The formation of the housing by upper and lower members which mate along a single plane enable the upper and lower members to be mated together without forming these members with very close tolerances, as would be required in devices which mate in multiple planes. Furthermore, sealing is simplified because sealing is only required in a single plane. The inclination of the mating plane with respect to the plane of the base of the lower member of the housing enables the axis of the coupling to the vacuum cleaner to be positioned relatively low, while the axis of the turbine motor is positioned relatively high. The low axis of the coupling motor will enable the wand or hose of a vacuum cleaner to be connected to the floor tool at a low point, which will prevent tipping and provide stability when the floor tool is pushed along a floor being cleaned. The relatively high axis of the turbine motor enables a relatively large diameter turbine to be used, thereby enhancing the torque of the motor and thus the cleaning efficiency of the floor tool.
Another feature of the present invention is the provision of a bumper strip which surrounds the housing, the bumper strip having a lip which contacts the housing to form an air seal. Since the air seal is formed by a lip on the bumper strip itself, this lip can be formed during the manufacture of the bumper strip and, thus, it is easy to manufacture and can be produced at substantially no additional cost.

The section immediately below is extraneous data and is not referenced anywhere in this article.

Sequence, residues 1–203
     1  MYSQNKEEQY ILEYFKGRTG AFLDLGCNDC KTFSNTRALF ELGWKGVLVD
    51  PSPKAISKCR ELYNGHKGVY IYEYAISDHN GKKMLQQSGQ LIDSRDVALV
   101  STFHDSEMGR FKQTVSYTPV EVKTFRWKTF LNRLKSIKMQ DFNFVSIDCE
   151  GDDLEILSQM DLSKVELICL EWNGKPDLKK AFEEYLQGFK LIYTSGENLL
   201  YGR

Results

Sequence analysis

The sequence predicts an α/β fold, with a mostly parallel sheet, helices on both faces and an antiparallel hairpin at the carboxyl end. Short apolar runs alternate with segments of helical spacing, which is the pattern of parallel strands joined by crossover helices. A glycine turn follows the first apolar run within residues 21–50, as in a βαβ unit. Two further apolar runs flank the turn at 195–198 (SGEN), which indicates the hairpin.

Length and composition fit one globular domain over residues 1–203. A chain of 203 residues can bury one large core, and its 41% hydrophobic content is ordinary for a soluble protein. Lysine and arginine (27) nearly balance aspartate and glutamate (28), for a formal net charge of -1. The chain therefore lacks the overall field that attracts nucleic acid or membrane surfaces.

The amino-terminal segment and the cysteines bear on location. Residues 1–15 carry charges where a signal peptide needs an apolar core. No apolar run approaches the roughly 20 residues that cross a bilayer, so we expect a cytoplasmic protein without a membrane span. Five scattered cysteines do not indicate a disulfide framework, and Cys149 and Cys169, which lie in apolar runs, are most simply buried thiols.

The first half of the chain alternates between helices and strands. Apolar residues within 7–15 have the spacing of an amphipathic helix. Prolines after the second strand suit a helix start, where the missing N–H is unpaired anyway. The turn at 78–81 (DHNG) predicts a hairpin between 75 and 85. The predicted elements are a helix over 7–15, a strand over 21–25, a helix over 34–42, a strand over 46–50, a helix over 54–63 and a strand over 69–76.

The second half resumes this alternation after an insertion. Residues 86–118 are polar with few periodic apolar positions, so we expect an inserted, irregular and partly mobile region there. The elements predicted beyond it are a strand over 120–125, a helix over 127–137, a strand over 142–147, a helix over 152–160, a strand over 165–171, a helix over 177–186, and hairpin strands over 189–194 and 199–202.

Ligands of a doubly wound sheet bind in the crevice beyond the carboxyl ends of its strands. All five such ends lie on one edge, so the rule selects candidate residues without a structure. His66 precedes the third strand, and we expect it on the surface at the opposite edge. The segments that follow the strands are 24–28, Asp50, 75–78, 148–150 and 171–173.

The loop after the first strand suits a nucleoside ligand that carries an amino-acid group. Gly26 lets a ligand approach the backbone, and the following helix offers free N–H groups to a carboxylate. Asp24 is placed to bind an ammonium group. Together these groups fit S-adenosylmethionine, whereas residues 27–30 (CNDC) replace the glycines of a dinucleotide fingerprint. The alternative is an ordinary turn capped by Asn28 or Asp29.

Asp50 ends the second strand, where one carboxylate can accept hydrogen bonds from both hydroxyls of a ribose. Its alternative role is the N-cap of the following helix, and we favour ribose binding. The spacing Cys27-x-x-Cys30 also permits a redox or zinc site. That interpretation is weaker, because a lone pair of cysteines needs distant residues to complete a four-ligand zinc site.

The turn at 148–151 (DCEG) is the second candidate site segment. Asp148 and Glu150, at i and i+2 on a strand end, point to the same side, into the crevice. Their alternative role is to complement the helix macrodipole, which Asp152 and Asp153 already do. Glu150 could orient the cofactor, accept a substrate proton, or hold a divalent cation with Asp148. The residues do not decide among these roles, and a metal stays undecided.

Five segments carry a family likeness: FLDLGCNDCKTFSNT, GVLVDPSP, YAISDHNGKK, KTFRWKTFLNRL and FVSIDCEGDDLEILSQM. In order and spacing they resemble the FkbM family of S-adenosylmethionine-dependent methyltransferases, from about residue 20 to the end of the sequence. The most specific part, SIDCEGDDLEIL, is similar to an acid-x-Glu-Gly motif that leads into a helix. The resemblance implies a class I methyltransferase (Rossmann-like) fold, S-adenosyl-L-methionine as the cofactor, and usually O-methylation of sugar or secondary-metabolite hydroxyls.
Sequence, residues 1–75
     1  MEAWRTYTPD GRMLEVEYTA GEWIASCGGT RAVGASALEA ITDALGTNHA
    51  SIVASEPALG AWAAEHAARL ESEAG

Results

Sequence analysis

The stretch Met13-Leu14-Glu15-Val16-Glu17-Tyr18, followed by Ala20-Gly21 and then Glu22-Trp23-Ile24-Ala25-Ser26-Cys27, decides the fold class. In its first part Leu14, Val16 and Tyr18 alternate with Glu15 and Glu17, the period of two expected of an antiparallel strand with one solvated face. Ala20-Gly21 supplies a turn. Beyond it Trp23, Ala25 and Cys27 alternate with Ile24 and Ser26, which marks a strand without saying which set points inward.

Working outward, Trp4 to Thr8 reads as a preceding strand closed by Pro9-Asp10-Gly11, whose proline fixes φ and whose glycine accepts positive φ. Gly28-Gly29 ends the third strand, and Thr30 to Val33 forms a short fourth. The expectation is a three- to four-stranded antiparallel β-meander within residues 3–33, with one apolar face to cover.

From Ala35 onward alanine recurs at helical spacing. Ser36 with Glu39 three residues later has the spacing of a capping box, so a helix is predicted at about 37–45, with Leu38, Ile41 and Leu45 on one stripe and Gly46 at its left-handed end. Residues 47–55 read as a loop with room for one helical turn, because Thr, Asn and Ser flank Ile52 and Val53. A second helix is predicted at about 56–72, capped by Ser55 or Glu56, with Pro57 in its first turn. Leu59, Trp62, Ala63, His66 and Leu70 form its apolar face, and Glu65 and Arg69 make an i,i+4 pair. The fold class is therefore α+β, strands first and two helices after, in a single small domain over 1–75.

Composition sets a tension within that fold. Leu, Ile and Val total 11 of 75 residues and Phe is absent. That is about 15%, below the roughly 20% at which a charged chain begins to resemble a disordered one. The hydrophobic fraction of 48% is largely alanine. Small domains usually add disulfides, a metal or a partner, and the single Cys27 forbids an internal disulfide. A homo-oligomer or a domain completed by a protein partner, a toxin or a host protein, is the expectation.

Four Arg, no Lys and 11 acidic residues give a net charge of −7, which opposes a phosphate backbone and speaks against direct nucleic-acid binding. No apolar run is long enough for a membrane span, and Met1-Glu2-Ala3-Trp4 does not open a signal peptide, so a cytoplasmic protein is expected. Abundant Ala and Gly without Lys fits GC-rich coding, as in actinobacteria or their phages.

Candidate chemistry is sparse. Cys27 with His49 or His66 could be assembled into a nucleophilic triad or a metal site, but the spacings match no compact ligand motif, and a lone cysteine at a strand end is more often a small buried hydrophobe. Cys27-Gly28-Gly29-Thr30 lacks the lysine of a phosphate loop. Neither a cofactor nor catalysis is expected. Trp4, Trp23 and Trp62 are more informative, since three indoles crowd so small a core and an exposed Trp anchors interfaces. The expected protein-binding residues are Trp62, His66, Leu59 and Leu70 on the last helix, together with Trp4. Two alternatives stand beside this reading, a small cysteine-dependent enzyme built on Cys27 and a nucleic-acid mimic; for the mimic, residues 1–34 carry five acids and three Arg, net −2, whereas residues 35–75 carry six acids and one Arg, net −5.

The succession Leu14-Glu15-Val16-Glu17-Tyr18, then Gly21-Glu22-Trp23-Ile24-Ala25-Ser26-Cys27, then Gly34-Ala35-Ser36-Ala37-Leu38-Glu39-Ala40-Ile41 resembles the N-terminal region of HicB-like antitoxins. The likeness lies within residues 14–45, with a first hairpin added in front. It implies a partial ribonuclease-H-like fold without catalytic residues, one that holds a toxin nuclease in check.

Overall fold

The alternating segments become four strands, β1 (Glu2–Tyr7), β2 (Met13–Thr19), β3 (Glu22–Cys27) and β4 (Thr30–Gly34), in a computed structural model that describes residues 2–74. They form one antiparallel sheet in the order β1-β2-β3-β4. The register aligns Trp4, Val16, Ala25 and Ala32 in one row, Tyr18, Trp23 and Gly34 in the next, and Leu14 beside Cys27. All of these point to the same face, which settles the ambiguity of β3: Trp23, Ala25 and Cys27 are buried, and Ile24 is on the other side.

Still another feature of the present invention is the manually operable base plate retaining device or latch which securely holds the base plate in position during operation, but which is simple to operate and does not require tools to enable the user to unlatch and remove the base plate in order to gain access to the interior of the nozzle and turbine motor to remove objects therefrom. The base plate retaining device is easy to operate, requires no tools, has a minimum number of parts, exerts a large holding force on the base plate and accommodates a wide range of tolerances. The device can be operated with one hand, and is independent of the base plate and can be moved out of the way in order to provide access to the interior of the housing. Furthermore, the base plate is inclined at the point of contact in order to concentrate the force of the retaining device in the center of the base plate.